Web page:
In a recent Educause Review article, John Seely Brown and Richard Adler write that becoming a master in a field involves a process of both “learning about” a subject and “learning to be” a practitioner of that field. Typically, in the early years of a curriculum, students spend a lot of time mastering content, but the important work of “learning to be”–or practicing the methods of the discipline–is left until the end. When we save experiential elements such as internships or research until the final stages of a curriculum, we miss an important opportunity to engage students early with some of the most complex and compelling aspects of our discipline.
How might we flip curricula in order to create more front-loaded experiences that engage students in “learning to be” earlier in their course of study? The U-M Law School offers one example. In a traditional law school curriculum, first-year students’ schedules are largely filled with doctrinal courses, which inform students about case law precedents in fields like contracts and criminal law. Only in the second year at the earliest do students usually engage in simulations, applied exercises, and clinics, where they represent real clients and practice lawyering skills in an applied setting.
Last year the U-M Law School engaged in an experiment to reverse this sequence of learning experiences. They now engage second-term, first-year students (1Ls) in activities that allow them to start practicing and thinking like a lawyer earlier. The Unemployment Insurance Clinic (UIC), directed by Steve Gray, provides an opportunity for 1Ls to work with real clients on administrative law cases. Second- and third-year students (2Ls and 3Ls) serve as mentors, to supplement Gray’s supervision of their work. Students work with clients, puzzle together through litigation strategy, and take the lead in administrative hearings.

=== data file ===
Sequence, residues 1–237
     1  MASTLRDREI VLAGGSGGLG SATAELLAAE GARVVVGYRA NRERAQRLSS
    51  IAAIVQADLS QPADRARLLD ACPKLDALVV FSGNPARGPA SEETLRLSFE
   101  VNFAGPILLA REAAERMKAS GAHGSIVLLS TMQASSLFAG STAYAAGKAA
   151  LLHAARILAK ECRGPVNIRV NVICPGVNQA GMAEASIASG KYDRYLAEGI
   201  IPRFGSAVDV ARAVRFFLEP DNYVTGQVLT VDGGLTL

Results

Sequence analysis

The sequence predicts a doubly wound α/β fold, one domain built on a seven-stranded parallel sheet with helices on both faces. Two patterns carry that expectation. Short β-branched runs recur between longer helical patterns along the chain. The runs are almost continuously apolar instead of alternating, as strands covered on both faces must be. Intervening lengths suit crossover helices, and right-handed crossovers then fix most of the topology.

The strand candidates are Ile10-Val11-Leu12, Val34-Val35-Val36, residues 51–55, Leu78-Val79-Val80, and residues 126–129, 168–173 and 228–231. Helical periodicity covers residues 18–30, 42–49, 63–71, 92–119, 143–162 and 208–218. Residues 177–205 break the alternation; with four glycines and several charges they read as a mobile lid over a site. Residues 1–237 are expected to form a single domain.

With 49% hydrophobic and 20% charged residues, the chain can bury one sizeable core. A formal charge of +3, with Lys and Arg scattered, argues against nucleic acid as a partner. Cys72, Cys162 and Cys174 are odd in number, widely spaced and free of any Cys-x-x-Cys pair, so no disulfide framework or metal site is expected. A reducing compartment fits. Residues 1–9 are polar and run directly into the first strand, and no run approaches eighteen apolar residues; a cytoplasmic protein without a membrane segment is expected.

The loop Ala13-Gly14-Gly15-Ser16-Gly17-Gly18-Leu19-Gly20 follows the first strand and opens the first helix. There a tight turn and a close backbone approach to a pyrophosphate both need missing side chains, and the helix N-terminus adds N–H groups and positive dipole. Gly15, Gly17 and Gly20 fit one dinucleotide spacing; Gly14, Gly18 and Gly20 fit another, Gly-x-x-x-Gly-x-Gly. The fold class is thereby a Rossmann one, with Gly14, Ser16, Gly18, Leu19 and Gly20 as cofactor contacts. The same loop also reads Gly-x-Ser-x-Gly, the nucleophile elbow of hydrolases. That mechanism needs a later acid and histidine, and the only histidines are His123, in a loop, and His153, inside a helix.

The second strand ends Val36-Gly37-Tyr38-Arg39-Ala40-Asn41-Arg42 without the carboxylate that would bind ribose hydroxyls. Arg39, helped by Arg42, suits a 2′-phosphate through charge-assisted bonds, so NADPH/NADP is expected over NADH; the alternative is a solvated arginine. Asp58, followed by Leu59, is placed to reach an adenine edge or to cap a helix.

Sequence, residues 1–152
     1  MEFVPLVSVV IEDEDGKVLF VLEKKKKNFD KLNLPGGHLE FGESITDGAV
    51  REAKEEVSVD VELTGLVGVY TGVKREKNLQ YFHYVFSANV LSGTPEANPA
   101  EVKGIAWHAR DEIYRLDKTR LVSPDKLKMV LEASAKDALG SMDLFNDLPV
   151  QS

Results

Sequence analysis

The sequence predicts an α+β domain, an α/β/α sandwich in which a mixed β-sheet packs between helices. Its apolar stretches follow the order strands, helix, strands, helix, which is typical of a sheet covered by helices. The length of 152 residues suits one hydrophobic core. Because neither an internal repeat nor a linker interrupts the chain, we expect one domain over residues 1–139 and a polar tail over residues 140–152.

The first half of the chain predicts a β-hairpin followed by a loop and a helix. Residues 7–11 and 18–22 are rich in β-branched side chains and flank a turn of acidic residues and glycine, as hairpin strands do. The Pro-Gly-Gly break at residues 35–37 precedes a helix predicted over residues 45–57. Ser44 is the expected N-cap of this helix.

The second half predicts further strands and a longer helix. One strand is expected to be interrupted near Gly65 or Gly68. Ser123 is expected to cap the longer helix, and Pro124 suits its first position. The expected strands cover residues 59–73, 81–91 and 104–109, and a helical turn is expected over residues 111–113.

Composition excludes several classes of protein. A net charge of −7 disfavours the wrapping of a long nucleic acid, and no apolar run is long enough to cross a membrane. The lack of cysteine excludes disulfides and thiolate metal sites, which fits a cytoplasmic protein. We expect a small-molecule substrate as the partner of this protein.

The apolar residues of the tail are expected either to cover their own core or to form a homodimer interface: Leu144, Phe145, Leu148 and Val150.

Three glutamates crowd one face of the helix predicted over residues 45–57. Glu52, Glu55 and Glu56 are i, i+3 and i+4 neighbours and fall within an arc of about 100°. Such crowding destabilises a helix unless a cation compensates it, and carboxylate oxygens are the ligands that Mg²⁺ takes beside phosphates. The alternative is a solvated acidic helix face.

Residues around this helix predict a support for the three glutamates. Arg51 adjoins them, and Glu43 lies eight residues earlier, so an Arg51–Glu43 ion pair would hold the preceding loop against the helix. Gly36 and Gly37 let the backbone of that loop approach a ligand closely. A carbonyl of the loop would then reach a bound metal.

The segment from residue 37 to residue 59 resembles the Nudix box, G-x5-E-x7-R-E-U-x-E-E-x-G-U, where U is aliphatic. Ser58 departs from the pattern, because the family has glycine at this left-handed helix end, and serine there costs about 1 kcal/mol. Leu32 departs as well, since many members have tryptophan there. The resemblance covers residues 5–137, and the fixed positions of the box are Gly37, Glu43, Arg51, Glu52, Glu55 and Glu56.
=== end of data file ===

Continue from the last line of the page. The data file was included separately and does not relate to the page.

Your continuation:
In an assessment of the UIC conducted by CRLT, nearly three-quarters of student participants agreed, and all supervisors strongly agreed, that they would recommend participation in the UIC to future students. 1Ls and student supervisors overwhelmingly affirmed that the experience helped them develop skills important to being a lawyer, as well as their understanding of what it means to be a legal professional. One 1L reported, “To have gained the practical experience of developing legal arguments and conducting those arguments at multiple stages of the administrative law process as a second-semester law student has been beyond any practical experience I could have imagined gaining this early in my law school career.” Compared to a similar group of law students who didn’t participate, UIC students reported significantly higher ratings of their law school experience for development of legal ethics, legal strategy development, client relations, interpersonal skills, professionalism, and confidence in on-campus interviews.
These successes can be attributed to several practices and principles that could apply in a wide range of disciplines. Students are provided focused preparation, guidance during practice by both faculty and more senior student mentors, and feedback from clients. Moreover, as scholarship on authentic assessment suggests, practice in a real-world, high-stakes setting provides these students motivation to apply and improve their skills.
Teaching and learning scholar Randy Bass writes, “In a typical formal curriculum, students are first packed with knowledge, and if they stick with something long enough (i.e., major in a discipline), they eventually get to the point of engaging in practice.” How might students in your discipline gain opportunities to engage in practice early on? Such experiences can contribute to more students “sticking with” the discipline, as well as all students developing their skills more fully. When it comes to engaged learning, sooner may indeed be better.